It goes without saying that Mexicans are hardworking, but we are always amazed by the sheer strength exhibited by many men. This man made multiple trips delivering cases of beer (four at a time) from the truck to the store. Sure, he’s young, but I’m thinking about back troubles or torn rotator cuffs in years to come.

Another element of Mexican life I adore is their devotion to family. Children are much loved but not spoiled, included in conversations, taught simple age-appropriate tasks and brought up to be a functioning part of the family. It was heartwarming to see the little kids out in the park, doing normal things.

This made me a little sad. These slides and bouncy castles are a fixture in most Mexican parks, and would normally be crawling with kids. Our poor children, with their new restrictions and their masks. This one had just a couple of children playing rather listlessly on it, but it made me think of our own grandson, who is 20 months old. Is he big enough to go down that slide on his own, or would his featherweight body become airborne? I’m going with the latter – essential learning for grandmothers who have forgotten everything they knew from when their own kids were small.

The food!!! Oaxaca is Mexico’s culinary centre and has developed a tremendous restaurant and food production scene. There are so many restaurants to choose from – the traditional family-run to the very innovative; the food trucks, the market stools, the taquerias, the bakeries, the cafes, the artisanal mezcal bars, etc. etc. One of our favourite things here is the comida corrida. This is a fixed-price lunch menu that offers starter, main, drink and dessert for between $4 and $14 per person, depending upon the fabulousness of the restaurant. Portions are usually on the small side, but this allows us to sample food from all types of restaurants without breaking the bank. In most cases, the decor is every bit as interesting as the food.

We will bring you food every blog posting – this one is from Casa Taviche.

Inside the decor was simple – pastel-coloured tables and chairs and art-filled walls. We began with a full-bodied broth filled with chicken, rice, vegetables and fresh herbs. Next we were served this dish (forgot the name) – succulent beef encasing a warm potato salad, with a sweet tomato sauce.

Dessert was a warm zabaione with fresh fruit, and chocolate cake crumbles. Stay tuned – we are doing this all for you.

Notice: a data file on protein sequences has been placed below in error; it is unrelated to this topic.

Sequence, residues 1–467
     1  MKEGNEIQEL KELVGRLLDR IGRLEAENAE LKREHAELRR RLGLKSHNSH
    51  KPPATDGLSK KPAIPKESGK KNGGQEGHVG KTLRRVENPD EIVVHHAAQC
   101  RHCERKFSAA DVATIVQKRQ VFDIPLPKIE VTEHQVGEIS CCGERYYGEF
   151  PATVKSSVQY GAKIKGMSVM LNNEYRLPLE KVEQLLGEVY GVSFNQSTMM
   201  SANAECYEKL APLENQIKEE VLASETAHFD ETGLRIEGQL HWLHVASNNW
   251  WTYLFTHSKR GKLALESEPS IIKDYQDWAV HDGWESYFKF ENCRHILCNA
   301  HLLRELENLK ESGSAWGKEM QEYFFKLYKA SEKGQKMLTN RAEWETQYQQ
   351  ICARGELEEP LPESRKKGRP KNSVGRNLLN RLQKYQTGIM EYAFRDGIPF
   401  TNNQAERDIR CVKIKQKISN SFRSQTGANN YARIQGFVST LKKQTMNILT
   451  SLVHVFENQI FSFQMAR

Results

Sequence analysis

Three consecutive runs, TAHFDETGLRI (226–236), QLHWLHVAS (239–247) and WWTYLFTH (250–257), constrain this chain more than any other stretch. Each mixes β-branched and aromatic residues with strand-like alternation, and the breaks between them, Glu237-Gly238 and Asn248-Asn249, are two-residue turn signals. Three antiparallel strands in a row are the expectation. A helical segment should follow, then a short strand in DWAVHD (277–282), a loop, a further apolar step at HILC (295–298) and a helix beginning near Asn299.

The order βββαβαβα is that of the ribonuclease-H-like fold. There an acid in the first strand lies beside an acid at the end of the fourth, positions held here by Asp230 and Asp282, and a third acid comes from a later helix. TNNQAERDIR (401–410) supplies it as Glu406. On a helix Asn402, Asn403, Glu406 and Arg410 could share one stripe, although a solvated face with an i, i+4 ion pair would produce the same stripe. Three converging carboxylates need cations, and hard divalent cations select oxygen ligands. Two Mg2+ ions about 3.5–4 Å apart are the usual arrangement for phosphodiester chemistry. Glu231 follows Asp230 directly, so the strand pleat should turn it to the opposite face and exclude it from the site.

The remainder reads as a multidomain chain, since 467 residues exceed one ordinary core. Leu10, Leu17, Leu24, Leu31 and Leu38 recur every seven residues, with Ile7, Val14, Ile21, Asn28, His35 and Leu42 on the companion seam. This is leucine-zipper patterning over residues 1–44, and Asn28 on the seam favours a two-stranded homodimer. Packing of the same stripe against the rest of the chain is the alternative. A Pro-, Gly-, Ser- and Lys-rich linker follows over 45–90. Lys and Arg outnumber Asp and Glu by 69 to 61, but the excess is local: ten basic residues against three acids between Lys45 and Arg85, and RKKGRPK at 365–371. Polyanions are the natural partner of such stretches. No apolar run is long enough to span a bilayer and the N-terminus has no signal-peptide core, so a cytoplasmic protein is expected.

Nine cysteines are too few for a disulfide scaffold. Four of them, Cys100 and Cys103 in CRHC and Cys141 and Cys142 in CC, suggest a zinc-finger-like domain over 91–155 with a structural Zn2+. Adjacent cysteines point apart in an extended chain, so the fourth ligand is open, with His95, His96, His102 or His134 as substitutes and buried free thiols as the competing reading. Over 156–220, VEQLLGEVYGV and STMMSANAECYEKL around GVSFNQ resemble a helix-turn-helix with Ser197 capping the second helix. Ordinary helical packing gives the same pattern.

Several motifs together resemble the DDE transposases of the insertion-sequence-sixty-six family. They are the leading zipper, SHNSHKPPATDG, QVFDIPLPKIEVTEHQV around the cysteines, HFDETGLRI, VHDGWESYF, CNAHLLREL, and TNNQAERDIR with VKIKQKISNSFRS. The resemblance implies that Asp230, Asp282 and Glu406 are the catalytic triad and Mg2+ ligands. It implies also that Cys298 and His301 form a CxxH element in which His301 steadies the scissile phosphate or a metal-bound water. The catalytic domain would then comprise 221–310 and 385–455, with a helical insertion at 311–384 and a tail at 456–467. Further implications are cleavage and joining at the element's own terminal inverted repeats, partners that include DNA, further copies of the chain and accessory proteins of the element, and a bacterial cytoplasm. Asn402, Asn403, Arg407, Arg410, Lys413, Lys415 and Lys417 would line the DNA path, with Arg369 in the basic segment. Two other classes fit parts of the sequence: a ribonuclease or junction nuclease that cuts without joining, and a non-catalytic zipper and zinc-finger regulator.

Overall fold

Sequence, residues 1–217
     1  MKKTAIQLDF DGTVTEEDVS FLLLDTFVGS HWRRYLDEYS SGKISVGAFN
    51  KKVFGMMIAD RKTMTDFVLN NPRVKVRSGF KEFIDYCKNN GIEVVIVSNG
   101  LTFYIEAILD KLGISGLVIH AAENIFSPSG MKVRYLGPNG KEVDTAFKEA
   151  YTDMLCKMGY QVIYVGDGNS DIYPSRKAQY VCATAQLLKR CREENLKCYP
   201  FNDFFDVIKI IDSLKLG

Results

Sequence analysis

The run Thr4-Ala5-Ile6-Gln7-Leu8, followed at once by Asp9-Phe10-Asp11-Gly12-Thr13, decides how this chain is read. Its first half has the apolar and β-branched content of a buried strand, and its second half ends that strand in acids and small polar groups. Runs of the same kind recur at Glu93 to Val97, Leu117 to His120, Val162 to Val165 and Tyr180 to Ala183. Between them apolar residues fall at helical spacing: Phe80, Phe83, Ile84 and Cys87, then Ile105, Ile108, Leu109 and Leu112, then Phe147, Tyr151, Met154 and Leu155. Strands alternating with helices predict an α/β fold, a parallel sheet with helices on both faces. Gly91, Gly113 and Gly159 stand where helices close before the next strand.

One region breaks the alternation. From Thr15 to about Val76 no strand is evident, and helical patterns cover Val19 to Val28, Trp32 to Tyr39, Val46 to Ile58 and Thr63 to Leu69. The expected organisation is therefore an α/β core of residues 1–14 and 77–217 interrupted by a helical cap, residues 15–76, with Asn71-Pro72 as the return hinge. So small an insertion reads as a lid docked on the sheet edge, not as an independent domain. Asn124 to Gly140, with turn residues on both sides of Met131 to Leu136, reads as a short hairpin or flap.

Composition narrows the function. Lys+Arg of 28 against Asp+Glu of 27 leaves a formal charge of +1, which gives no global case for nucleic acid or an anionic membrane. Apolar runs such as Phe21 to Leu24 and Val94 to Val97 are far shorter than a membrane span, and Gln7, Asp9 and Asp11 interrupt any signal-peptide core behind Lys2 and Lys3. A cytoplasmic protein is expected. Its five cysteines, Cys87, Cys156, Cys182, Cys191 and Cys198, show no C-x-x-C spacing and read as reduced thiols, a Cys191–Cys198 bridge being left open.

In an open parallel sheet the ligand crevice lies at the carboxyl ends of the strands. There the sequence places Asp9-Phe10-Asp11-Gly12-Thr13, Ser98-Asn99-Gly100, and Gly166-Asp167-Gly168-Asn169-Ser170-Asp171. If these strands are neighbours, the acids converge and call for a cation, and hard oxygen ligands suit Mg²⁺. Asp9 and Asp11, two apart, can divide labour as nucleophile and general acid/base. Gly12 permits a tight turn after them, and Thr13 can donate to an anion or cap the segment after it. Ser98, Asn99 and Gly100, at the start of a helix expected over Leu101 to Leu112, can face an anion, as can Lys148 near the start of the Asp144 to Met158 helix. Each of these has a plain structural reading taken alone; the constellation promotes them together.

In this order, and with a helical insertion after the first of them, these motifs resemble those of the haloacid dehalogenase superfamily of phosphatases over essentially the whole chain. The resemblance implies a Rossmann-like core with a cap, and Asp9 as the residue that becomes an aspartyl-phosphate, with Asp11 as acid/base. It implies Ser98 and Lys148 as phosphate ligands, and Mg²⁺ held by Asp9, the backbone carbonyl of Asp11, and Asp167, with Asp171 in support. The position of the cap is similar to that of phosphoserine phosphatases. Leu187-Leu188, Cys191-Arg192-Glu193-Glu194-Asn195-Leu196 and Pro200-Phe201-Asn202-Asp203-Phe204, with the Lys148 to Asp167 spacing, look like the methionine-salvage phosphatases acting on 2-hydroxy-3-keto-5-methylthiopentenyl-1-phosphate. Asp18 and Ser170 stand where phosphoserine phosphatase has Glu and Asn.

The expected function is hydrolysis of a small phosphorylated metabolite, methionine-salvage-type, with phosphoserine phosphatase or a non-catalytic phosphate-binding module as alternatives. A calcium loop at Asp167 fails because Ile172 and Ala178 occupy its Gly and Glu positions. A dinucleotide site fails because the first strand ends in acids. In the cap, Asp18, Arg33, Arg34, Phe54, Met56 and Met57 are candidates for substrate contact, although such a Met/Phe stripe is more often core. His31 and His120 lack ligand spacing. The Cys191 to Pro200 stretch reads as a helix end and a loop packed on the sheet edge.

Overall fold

We haven’t talked about the history, the architecture, the surrounding villages, the art and crafts, the mountains, Monte Alban, the indigenous people, the textiles, carpets, pottery, hiking, etc. etc. All to come.

We’ve been feeling a little disappointed that the many great museums are currently closed, but there is still so much to see and discover. We look forward to sharing it all with you.

We went to Chedraui, a large grocery store/department store to stock up with basics. When we passed by the furniture section, we were struck by this tableau. Another of the many diverse sides of the Mexican character that someone would think to place plush animals as decoy dinner guests. Hasta pronto!

The highs and lows of travelling during Covid

It took us such a long time to decide to make the trip to Greece, that even when we were on the plane, we were still questioning ourselves. We didn’t really feel comfortable until we had been in Greece for a few days and the sun, the people and the normalcy of life there calmed us down.

We can’t say we were right or wrong in our decision – I don’t know if that is quantifiable. We chose Greece because of their low Covid numbers and because of their government protocols. We asked ourselves how we would fulfill our responsibility to the Greek citizens to travel responsibly, and we answered by keeping distance, wearing masks, practising constant hand hygiene and avoiding crowds.

I think of navigating the world with Covid and compare it to driving a car. Every time I get behind the wheel, I am accepting the risks that it might not have a good outcome. A blown tire, sudden snowstorm, drunk driver, a moment’s inattention – all risky possibilities. I mitigate those possibilities by maintaining the car, wearing a seatbelt and driving defensively. I haven’t eliminated the risks, but I’ve lessened them and I drive almost every day without giving it a second thought.

So…the decision to travel was made, we arrived in Greece and then what? What was it like to travel during Covid? Short answer – the same and different.

I’ll start with the lows of Covid travel.

Loneliness: One of our great pleasures of travel is meeting people. We have a number of good friends we’ve met during travels and still keep in touch. Memories of pre-Covid travel include innumerable chance encounters, long chats, lunches and dinners with new friends.

We did find people willing to talk to us, but the conversations were shorter and more reserved, and no-one was inclined to suggest joining a table or sharing a bottle of wine, or meeting up later. As well, we did not meet a single Canadian, so we had brief chats with Europeans without feeling any connection. There was the one exception of a Parisian who was excited to discover we came from Vancouver Island. He is a diver and it is his ambition to come to Nanaimo and area for cold-water diving.

Sadness for the locals: We were struck by the resolute nature of the Greeks, and their wonderful hospitality in spite of the fact tourism is down by 75%. We were wondering if we would be the only guests in hotels or the sole diners in restaurants, and it wasn’t like that. There were people out and about; life going on. But Greece is hugely dependent upon tourism – how long can the small cafes, souvenir vendors, tour guides and boat operators survive? It was wrenching to have chats and encounters with so many Greeks and imagine they might not make it.